Now I turned this blog post into a paper.
This is a follow-up to my post a couple of days ago about all the nitty-gritty when coding up a compartmental model for empirical temporal networks. I guess the question lingering is: How do you do it then? There are a very straightforward way and an almost as simple, but much faster approach.
If you just want the code, get it here.
The simplest way of simulating the SIR model on a temporal network is to:
- Mark all nodes as susceptible.
- Run through the contacts.
- Whenever a node gets infected (including the source), draws its time to recovery from an exponential distribution, and changes its state to I. Conveniently, one could represent the I state by the recovery time and let two out-of-bounds numbers represent S and R.
- Stop the simulation when there are no infectious nodes.
There are a bunch of tricks one can do to speed up such a simulation. One can use bisection search to find the first contact capable of spreading the disease. One can calculate when nodes become inactive in the data and break the simulations when there are no active contacts left, etc. Still, this approach will be linear in the number of contacts C. Now consider the contacts between two nodes. Only one of these can transmit the disease. So clearly, if we can calculate which one that is and skip the other contacts, we will speed up the program a lot.
The slightly more complicated approach sometimes goes under the name event-driven simulation. It is conceptually so simple that I’m sure it has been invented and reinvented many times. (The idea comes from my static network code that was much inspired by Kiss, Miller & Simon’s book. I think I knew about the ideas already earlier, but I can’t remember from where . . at least the basic ideas are not my own.) The idea is:
- Pick the next node i to be infected from a (priority) queue (ordered by the value of the nodes’ future infection times).
- Draw the duration of i’s infection from an exponential distribution.
- Calculate the future contacts with i’s neighbors that could spread the disease (maximum one per neighbor).
- If such a future contact with a neighbor j happens earlier than the current infection time of j, then update the queue.
- Go to 1 unless the queue is empty.
This turns out to be very efficient because:
- Steps 1 & 4 can be implemented efficiently. I use a binary heap where all operations are bounded by the logarithm of the size of the heap.
- Step 3 can also be implemented very fast. First, find the first contact between i and j after i becomes infectious. This can be done in logarithmic time (of the number of contacts between i and j) by bisection search. Then the process of transmitting the disease along the edge is effectively a sequence of Bernoulli trials with probability β. Thus the probability the k’th contact will be the one to transfer the disease is β (1 – β)k–1. One can quickly draw a number (k) with this probability by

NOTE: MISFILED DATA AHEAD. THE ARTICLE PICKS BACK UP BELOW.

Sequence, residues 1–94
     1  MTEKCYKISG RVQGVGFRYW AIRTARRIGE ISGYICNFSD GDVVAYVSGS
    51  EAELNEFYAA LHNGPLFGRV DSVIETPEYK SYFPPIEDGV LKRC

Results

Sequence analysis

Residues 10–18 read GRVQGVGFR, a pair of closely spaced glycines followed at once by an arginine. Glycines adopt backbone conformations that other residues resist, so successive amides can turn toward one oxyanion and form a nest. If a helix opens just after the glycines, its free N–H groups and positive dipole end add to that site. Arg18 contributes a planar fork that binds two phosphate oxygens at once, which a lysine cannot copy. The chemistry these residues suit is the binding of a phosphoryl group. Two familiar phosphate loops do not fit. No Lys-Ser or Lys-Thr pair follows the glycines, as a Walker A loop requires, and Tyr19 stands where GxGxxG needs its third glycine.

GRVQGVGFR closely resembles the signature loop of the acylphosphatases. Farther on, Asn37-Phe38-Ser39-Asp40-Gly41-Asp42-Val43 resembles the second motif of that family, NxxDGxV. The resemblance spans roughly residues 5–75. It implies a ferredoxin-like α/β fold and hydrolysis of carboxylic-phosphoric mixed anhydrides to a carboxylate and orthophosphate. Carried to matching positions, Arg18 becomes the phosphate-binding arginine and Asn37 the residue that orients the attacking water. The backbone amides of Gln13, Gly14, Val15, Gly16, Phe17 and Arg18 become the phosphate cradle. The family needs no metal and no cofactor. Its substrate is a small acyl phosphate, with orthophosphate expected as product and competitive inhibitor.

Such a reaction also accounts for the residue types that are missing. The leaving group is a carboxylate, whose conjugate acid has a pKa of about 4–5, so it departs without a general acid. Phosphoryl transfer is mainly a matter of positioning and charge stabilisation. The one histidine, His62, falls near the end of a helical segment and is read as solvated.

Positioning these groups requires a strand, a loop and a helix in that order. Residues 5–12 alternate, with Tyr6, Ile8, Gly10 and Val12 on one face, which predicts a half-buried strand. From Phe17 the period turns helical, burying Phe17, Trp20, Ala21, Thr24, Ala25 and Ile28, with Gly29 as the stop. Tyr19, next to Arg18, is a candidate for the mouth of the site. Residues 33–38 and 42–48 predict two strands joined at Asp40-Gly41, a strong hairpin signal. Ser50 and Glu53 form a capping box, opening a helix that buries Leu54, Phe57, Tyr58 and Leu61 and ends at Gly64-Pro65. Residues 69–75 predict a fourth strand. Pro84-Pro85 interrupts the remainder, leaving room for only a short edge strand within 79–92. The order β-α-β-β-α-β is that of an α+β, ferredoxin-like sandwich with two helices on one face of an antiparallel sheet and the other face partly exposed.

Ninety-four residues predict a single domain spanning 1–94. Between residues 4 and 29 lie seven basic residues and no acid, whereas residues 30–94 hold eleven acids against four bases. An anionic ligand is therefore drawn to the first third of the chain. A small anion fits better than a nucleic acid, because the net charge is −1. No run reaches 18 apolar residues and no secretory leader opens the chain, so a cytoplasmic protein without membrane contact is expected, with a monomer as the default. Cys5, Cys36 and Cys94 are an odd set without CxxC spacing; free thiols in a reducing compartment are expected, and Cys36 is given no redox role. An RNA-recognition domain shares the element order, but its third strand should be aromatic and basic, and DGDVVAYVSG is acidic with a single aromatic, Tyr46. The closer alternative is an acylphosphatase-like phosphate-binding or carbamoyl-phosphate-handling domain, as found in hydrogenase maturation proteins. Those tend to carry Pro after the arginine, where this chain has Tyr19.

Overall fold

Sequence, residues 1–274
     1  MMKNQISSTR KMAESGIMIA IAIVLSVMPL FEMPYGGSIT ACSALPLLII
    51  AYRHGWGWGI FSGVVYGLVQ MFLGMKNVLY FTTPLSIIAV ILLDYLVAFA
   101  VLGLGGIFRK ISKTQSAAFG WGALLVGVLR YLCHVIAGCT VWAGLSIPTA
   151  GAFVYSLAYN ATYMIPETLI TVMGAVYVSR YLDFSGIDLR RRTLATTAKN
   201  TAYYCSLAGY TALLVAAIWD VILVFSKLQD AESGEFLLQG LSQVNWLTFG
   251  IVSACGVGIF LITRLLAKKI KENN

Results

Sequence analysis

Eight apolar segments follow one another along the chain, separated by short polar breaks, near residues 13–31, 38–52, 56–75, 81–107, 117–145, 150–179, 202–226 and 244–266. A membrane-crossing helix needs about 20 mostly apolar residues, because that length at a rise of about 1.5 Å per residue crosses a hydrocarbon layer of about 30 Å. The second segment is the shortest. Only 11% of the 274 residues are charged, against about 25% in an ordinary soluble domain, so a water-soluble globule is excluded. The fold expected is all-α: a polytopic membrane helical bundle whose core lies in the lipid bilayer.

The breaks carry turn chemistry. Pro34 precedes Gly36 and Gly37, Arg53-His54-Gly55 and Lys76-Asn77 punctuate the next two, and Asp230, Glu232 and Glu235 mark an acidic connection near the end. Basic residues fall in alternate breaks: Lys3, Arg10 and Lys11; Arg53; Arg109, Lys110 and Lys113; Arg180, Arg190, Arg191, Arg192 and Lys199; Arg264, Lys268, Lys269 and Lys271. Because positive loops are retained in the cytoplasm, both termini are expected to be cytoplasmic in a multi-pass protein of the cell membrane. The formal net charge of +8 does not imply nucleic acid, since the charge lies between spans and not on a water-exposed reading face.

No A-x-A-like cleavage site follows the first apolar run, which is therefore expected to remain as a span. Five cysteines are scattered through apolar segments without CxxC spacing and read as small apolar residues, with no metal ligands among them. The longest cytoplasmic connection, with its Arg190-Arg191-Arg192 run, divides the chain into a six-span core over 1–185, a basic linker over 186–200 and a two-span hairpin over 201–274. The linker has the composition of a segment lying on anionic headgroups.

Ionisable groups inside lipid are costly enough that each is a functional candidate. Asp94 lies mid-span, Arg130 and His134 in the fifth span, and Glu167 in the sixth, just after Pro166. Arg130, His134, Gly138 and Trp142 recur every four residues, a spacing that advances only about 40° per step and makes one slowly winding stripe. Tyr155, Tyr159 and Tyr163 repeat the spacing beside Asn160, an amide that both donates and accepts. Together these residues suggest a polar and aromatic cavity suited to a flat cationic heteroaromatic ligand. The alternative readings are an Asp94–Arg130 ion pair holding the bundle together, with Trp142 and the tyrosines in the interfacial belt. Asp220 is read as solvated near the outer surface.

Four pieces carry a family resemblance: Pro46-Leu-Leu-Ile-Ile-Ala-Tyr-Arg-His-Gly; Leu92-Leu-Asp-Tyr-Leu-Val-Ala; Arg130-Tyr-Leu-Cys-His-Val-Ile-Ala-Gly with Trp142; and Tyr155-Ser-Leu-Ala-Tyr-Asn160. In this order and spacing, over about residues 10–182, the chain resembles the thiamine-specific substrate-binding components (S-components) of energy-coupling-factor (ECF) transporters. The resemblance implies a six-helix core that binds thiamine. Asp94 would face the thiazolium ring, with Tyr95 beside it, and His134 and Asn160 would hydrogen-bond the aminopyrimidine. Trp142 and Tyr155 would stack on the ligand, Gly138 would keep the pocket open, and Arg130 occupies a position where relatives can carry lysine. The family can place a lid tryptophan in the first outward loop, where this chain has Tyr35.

floor [log (1 – X) / log (1 – β)]
where X is a random variable in [0,1). If one gets a number larger than the number of remaining contacts, then i won’t infect j.
- Finally, by sorting the adjacency list (the list of a node’s neighbors) in decreasing order of their last contact, one only has to go through the active contacts at step 3 above.
In the worst case, this algorithm takes O(M + log C) time, where M is the number of edges (pairs of nodes with at least one contact). The speed-up is thus most substantial for data sets with many contacts per node (or edge).
Below is a comparison between the two methods of all the 40-something data sets of this paper (β = 0.2 and ν = 5/T, where T is the duration of the data set). Large-C data sets have much time to be saved by using event-based modeling, but many higher-order effects make the speed gains differ from the worst case. It is worth noting that for none of the data sets, the reference algorithm is faster (even though in some extreme cases of low C vs. M that should be possible).
Finally, some of you might ask: what about the Gillespie algorithm? Somehow, the Gillespie algorithm has an undeservedly good reputation among my peers . . While the event-based method can be described as one think about the disease spreading processes, IMHO the Gillespie algorithm can’t. The step where one selects what to do usually comes with so much bookkeeping overhead that I have a hard time believing it would ever be fast. Two of my favorite network scientists Christian Vestergaard and Mathieu Génois (I’m pretty sure their work on randomization methods will be awarded the Temporal Network Paper of the Year 2018!), have a PLOS Comp. Biol. about the Gillespie algorithm for compartmental models on temporal networks. I played around with their code and . . long story short, I don’t think it is close to as fast as my code (I didn’t try all data sets or parameter values, so some disclaimer, but anyway). They have code for many versions of the SIR model, so it might be worth checking for that reason (but even for those cases, I think there are faster algorithms).
Absolutely finally, let me do an (anti) Fermat: A couple of summers ago, I was exploring fundamentally different temporal-network SIR algorithms that would exploit very different types of redundancies. I think I found a way to e.g., calculate outbreaks for all β values simultaneously (I just had some minor mysteries to solve). Still, it was quite convoluted, and it only took too long to fix the details (there is not enough space in this margin to explain the ideas!). So in the spirit of my motto: “it’s never too late to give up,” I gave up.